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Debbie Weinstein's picture

Later today, it will be my honor to moderate a webinar co-hosted by MomsRising to discuss an important book, $2 a Day: Living on Almost Nothing in America. The authors, Kathryn Edin and Luke Shaefer, will talk about their powerful book, which portrays the lives of a number of families who have struggled with almost no cash. They will be joined with three other experts: Tamara and Sharon, who have been that deeply poor, and Kate Scully, who works for the Center for Hunger Free Communities.

Everyone should read this book, and listen to the webinar! (If you’re not able to listen/view at 4:00 p.m. ET on December 22, register anyway, and we’ll send you the recording afterwards – and it will be on the Coalition on Human Needs’ website, at Anticipating the conversation, I’ve been thinking about community. How can we do better in making sure that everyone is part of a community, contributing to it and drawing from it throughout life? There are people across the political spectrum who care about poverty. They have different views about what strengthens a community, but they all seem to believe it is an essential component in providing the opportunities and security people need to lead a comfortable life.

Part of community is talking with each other – and I hope you will use CHN's blog, Voices for Human Needs, to engage in that form of community-building. Write a comment there – or wait to view the webinar and then make a comment. If you’ve been poor, we will be indebted to you if you can share some of your experience. Whether or not you’ve lived through/in poverty, your perspective on what can help is most welcome – please join in!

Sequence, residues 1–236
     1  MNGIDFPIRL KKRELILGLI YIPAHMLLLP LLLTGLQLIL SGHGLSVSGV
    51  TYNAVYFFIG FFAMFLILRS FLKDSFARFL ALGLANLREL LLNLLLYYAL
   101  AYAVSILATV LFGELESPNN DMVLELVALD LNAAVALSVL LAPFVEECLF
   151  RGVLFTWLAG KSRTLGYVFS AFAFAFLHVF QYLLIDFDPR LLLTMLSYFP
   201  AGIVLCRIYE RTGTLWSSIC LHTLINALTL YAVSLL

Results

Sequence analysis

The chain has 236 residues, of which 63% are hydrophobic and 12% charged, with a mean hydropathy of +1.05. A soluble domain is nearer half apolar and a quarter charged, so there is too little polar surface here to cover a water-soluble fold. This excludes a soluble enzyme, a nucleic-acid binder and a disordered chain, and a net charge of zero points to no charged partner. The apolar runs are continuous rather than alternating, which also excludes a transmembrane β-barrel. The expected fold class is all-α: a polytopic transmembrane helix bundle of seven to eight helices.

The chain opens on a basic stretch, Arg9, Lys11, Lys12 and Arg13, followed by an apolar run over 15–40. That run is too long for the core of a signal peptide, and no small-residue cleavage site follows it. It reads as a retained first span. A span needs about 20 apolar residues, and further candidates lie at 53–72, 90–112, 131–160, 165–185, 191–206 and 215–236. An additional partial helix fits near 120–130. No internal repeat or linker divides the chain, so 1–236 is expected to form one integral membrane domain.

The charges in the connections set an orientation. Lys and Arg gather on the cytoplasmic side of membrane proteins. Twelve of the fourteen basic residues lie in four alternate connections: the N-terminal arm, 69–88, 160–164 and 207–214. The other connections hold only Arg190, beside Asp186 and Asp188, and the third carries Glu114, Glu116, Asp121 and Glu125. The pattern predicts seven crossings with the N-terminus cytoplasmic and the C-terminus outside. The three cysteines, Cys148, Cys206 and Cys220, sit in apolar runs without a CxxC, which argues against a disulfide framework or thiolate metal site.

$2 a Day shows what life is like for people who are forced to get by on almost no cash. In 2011, the book tells us, there were 1.5 million households including 3 million children with cash incomes of no more than $2 per person per day. Tellingly, that number had doubled since 1996. In that year, the welfare law passed, which made cash assistance far less available for poor families with children. That law was supposed to encourage work, and at first, there was a big increase in the number of single mothers entering the labor force. As it happened, the new law coincided with some other big developments: a booming economy and a significant increase in the Earned Income Tax Credit. There were jobs to be had, there was a new cash incentive that helped to boost low pay, and there was an expansion of subsidized child care. Although the proponents of the welfare law insist that its work requirements and time limits were the driving force for the increased work among single moms, social scientists have attributed much of the increase to the economy and to the incentives and supports provided.

But when the economy contracted, where were the community supports for the people who lost their jobs? Many people fell pretty far without getting much help. If you’re not working, you can’t benefit from working family tax credits. Despite years of work, once unemployed, there was no way to pay the rent. Sharon, one of the webinar’s experts, lost a job with decent pay, and in the aftermath of the Great Recession, couldn’t find another one. When she applied for jobs at lower levels than she had previously worked, they wouldn’t hire her because they thought she’d just leave as soon as something better came along. One prospective employer rescinded a job offer when they saw how much she had made at her previous job. She lived out of her car for a time, and then had to struggle each night to get a shelter bed. The experience left her pretty sick and unable to work.